“Services is crucial to us, not only from the revenues perspective but a lot other ways as well. We have found that services can often act as an incubator for the product, nurturing it in the initial phase. It can also be a very good employee retention tool as the turn-around cycles in a product company can be quite long,” adds Ghaisas.

As part of the initial strategy the company had deliberately avoided going all out in the advanced economies, instead it went to developing economies in Asia and Africa. Now, i-Flex is taking another step to ensure its continuous success. The service profile of the company is improving with each passing day, as it ramps up for the next level of growth. With Oracle’s (as it holds around 83% share in the company) marketing and servicing might behind it, i-Flex can truly change the way Indian product companies have fared till date.
Vision is the key. If an octogenarian can still think about creating products and solutions that can be used by millions, what really encumbers millions of computer geniuses and management whiz kids from doing so? It is perfect time to move into the product space, to do something truly path breaking. The product industry is indeed at a point of inflection.
Going Glocal
Ambition is a good trait, but like any overdose, can be quite hazardous at times. There have been quite a few cases in the recent past wherein a company that was cash rich expanded rapidly and burnt itself out rapidly as well. As Alexander Pope had once said, the same ambition can destroy or save.

3i Infotech believes in taking steady but firm steps and part of its strategy is to go glocal. With around 80% of its revenue coming from overseas it is pretty obvious that 3i Infotech needs to have a presence in all the countries that it works in. But it can be a costly and risky affair. Opening an office in a foreign country means investing precious capital that could have been otherwise used. 3i Infotech has taken care of that problem by going global through the local way, ie, through appointed local partners.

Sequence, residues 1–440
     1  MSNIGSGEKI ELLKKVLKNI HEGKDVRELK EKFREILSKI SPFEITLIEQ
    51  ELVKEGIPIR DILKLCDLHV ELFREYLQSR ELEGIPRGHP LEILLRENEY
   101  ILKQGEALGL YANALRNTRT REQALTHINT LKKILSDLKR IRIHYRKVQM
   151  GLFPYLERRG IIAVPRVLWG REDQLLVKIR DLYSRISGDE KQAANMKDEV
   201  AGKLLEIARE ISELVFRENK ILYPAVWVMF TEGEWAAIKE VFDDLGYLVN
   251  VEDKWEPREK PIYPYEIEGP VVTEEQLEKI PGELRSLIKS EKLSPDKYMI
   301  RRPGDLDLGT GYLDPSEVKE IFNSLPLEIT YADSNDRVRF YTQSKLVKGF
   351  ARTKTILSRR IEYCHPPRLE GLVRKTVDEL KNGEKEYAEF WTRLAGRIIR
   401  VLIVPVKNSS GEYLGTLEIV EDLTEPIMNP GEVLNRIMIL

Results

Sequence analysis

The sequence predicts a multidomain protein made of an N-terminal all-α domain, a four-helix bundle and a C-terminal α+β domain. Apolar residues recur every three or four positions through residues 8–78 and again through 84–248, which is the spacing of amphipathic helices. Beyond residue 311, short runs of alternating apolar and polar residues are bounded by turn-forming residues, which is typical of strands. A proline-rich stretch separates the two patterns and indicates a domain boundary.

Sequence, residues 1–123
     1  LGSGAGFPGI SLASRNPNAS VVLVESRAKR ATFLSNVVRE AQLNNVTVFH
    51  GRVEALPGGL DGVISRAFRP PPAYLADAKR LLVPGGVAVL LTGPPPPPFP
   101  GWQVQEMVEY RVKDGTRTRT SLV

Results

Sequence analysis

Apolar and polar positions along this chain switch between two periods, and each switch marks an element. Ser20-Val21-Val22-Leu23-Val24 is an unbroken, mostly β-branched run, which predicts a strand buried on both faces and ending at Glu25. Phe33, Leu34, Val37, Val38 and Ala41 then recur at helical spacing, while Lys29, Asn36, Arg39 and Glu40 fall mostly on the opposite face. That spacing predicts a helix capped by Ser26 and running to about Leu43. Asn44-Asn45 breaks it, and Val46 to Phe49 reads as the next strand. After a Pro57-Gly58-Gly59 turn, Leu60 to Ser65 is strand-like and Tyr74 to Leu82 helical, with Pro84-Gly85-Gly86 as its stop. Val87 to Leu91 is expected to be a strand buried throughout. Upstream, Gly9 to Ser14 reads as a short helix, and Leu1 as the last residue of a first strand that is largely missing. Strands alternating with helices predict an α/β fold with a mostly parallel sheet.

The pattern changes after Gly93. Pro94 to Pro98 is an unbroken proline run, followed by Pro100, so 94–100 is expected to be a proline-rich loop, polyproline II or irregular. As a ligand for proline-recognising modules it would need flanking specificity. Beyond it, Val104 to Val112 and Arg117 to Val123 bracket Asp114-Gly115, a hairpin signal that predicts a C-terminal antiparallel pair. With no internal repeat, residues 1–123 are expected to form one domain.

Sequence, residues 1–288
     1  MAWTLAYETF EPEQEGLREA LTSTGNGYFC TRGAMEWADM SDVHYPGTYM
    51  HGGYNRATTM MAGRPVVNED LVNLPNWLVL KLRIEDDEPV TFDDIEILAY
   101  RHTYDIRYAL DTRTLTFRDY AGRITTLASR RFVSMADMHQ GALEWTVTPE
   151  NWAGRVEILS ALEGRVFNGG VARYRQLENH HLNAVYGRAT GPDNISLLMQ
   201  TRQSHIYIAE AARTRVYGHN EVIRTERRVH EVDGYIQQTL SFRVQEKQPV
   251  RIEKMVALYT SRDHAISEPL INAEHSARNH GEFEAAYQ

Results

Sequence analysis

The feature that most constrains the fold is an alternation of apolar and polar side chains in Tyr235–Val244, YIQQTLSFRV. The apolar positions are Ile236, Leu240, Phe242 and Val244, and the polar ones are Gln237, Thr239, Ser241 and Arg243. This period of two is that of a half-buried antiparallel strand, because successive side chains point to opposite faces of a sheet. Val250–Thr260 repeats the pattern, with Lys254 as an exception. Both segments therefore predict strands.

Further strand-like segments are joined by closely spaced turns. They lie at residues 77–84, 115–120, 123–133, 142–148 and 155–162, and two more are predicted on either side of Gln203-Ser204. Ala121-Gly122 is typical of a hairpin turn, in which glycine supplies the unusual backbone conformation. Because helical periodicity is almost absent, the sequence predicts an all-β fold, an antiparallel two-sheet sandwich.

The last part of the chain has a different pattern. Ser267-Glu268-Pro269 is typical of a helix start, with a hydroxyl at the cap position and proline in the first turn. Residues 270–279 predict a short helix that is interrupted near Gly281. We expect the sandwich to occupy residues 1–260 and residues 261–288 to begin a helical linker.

“As we have around 300-400 customers and most of them based overseas, it naturally makes sense for us to expand overseas. Thus we have adopted a partner strategy. For instance, before venturing into any country, we conduct a thorough research on the market and its potential. Once convinced, we appoint a partner in that geography and operate through him or her. As the business expands we add on a few partners more, and after a critical stage, we ourselves enter the country,” says Amar Chintopanth, executive director & CFO, 3i Infotech.
Currently, 3i Infotech has a partner network in more than 10 countries of the total 50 that it operates in. By using a partner, the company saves a lot on the cost of capital that would otherwise need to be invested. “And this capital we plough back into R&D,” adds Chintopanth. For product companies in India that are short of cash, going glocal is the best possible option.
Inorganic Approach
Subash Menon is a man who should be truly admired for his gumption. An electrical engineering graduate from a university in Durgapur, Menon decided to float a company in 1992, without much help or experience. He had an idea and the urge to make it happen. Subex Systems evolved from being a telecom SI to a product company focused on the telecom space.

Then last year, Menon decided to go full steam ahead. In a move that surprised many, Subex acquired UK-based Azure Systems for close $140 mn in an all share deal. At that point Subex was worth some $25 mn compared to Azure at some $31 mn. The new entity, Subex Azure, was well suited for the telecom OSS market. But Menon is an ambitious man and recently went in for two more acquisitions in the range of $100 mn. So how does the organic strategy works?